From 1992-2008, Richmond sold every one of its seats for 33 consecutive races. The racing in the past two late April races has been as strong or stronger than it was then – and there are far fewer seats to sell now.

In a mother lode of race fans such as the Old Dominion, there’s a path forward to attracting the crowds that once flocked to Richmond in the spring. But it isn’t by reverting to Saturday night.

Top 10 in Charlotte Xfinity race ‘dream come true’ for Kaz Grala

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CONCORD, N.C. — Darius Grala did what any proud father would do after seeing his son do something “amazing” and “absolutely ridiculous.”

With a large grin plastered across his face, he stood on Charlotte Motor Speedway’s pit road and captured the image of Kaz Grala helping push his No. 61 Ford toward the garage.

In his first Xfinity race for Fury Race Cars, the race car building company his father formed in 2016 and that was making its first NASCAR start, Kaz Grala placed 10th.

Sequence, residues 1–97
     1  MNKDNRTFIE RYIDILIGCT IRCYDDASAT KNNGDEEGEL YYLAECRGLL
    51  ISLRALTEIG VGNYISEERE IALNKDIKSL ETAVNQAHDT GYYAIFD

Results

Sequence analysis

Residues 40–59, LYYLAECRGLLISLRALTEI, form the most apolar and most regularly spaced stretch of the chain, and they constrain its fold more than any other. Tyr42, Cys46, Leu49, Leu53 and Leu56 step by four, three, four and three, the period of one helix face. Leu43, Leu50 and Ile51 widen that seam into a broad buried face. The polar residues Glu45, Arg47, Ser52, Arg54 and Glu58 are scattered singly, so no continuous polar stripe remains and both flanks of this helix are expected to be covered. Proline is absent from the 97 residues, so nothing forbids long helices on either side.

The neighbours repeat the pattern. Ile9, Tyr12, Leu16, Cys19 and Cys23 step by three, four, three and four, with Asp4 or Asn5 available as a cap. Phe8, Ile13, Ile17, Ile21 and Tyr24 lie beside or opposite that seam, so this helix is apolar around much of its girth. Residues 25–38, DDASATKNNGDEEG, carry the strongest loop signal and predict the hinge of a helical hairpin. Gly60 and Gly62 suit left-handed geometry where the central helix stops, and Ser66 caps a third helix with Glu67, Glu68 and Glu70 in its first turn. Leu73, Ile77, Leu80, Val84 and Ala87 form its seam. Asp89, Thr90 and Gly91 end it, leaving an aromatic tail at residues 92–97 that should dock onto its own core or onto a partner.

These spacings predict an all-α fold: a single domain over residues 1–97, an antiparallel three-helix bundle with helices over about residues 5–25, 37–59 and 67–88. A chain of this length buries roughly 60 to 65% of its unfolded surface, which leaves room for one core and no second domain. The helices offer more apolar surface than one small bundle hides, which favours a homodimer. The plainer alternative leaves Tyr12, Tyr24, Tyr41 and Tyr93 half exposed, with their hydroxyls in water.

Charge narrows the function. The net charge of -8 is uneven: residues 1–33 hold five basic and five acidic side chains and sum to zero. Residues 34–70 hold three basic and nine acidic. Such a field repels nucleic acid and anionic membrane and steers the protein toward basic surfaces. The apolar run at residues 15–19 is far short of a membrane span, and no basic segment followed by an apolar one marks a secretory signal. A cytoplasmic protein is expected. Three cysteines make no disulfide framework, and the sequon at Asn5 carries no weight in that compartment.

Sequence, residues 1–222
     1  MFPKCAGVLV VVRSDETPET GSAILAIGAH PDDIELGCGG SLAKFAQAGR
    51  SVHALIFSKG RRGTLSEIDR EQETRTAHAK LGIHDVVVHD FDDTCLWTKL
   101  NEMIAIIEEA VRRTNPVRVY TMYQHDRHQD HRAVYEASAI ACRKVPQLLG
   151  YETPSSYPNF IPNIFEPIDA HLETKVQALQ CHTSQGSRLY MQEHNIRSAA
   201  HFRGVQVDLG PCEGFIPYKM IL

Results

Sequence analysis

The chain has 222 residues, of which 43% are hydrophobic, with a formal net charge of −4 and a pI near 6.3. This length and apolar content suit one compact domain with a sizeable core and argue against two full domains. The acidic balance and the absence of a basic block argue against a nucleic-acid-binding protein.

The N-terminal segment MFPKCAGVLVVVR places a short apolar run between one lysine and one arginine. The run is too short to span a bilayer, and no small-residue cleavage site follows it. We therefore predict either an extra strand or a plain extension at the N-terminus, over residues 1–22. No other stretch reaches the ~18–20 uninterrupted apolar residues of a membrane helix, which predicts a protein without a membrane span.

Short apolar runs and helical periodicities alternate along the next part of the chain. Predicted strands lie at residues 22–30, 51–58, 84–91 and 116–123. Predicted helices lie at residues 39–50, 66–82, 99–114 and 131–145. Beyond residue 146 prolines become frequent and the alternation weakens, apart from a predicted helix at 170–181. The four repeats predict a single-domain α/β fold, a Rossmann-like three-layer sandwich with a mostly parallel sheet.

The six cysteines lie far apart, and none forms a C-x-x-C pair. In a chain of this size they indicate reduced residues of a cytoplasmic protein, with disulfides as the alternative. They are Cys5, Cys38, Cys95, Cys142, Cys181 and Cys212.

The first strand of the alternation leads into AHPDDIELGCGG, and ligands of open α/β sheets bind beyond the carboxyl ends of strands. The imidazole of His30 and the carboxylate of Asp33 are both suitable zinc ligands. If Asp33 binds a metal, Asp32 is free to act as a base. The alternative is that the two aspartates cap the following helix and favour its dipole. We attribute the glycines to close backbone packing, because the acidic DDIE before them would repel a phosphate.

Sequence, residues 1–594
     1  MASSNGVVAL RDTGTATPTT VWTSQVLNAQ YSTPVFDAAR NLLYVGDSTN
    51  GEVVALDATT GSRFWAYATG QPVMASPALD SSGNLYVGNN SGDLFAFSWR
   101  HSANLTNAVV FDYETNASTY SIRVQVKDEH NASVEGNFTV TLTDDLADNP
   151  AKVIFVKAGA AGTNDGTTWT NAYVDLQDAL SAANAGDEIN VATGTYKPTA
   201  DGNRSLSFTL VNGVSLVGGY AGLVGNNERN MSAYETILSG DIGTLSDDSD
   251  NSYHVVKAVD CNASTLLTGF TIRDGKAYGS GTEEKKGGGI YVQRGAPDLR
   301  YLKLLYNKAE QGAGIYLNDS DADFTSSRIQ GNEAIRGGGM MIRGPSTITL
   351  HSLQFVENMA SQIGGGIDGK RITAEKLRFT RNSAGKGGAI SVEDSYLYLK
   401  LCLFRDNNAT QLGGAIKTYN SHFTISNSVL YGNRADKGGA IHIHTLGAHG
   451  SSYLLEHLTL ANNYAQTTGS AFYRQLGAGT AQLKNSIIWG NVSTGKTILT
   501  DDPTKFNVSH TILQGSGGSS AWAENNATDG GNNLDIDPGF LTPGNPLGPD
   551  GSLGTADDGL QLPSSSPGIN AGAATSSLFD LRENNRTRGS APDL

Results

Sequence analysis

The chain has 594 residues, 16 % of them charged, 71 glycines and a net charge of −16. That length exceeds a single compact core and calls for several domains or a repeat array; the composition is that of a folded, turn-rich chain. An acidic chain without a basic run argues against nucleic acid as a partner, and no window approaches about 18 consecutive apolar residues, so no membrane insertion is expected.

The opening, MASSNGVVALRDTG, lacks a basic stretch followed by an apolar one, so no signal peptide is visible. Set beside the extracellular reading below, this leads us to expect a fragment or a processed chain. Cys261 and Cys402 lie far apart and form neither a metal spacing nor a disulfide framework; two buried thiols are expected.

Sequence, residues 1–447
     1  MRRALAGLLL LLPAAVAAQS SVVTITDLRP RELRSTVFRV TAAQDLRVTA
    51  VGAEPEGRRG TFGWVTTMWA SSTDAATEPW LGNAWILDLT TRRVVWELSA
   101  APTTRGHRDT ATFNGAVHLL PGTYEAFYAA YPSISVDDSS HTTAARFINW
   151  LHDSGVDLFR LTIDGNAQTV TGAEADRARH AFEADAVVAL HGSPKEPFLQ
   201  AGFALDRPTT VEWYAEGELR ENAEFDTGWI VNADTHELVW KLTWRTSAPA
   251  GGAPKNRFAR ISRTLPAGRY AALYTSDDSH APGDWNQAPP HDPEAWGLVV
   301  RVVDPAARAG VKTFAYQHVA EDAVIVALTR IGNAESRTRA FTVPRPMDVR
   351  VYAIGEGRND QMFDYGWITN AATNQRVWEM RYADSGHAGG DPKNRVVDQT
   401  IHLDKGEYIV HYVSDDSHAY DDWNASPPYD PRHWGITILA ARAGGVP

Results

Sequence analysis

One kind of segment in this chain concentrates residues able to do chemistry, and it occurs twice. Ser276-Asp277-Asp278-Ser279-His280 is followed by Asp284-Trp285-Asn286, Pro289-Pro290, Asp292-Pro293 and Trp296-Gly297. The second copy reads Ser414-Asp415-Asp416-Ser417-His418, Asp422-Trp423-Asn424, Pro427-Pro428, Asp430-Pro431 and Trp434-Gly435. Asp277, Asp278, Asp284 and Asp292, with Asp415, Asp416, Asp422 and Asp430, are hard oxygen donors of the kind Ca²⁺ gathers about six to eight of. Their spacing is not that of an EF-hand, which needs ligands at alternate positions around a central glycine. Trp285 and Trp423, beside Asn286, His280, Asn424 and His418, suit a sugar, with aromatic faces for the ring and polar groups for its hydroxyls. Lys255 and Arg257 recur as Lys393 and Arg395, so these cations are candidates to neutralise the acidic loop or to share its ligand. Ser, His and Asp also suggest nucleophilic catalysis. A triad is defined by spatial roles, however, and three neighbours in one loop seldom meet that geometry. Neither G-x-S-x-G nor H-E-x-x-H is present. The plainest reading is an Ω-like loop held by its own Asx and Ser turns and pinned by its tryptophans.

“That 10th feels like a win to us. No joke,” Darius Grala told NBC Sports. “It’s not like we didn’t dream of having a top 10 when we loaded up to head to the race track. But I got to tell you, that was a tall order and to deliver on it is nothing short of a dream.”

The dream started with a text message from Darius Grala to crew chief Shane Wilson on May 9, formally beginning the process of putting the No. 61 team together after Kaz Grala learned he would be without his ride at JGL Racing after 10 starts.

MORE: JGL Racing owner diagnosed with liver failure.

Seventeen days later, the 19-year-old rookie earned his best result since placing fourth in the season opener at Daytona. It’s his second top 10 through 11 races.

The team, which includes most of the crew who worked on Kaz Grala’s No. 24 car at JGL Racing through the first 10 races, showed up at Charlotte on Thursday without a backup car.

Without any owner points to guarantee a starting spot, Kaz Grala was cautious in practice and Saturday’s qualifying session, which was threatened by rain. But the track was dry when the time came to qualify and the the No. 61 wound up 16th on the board.

Caution was forgotten with the green flag.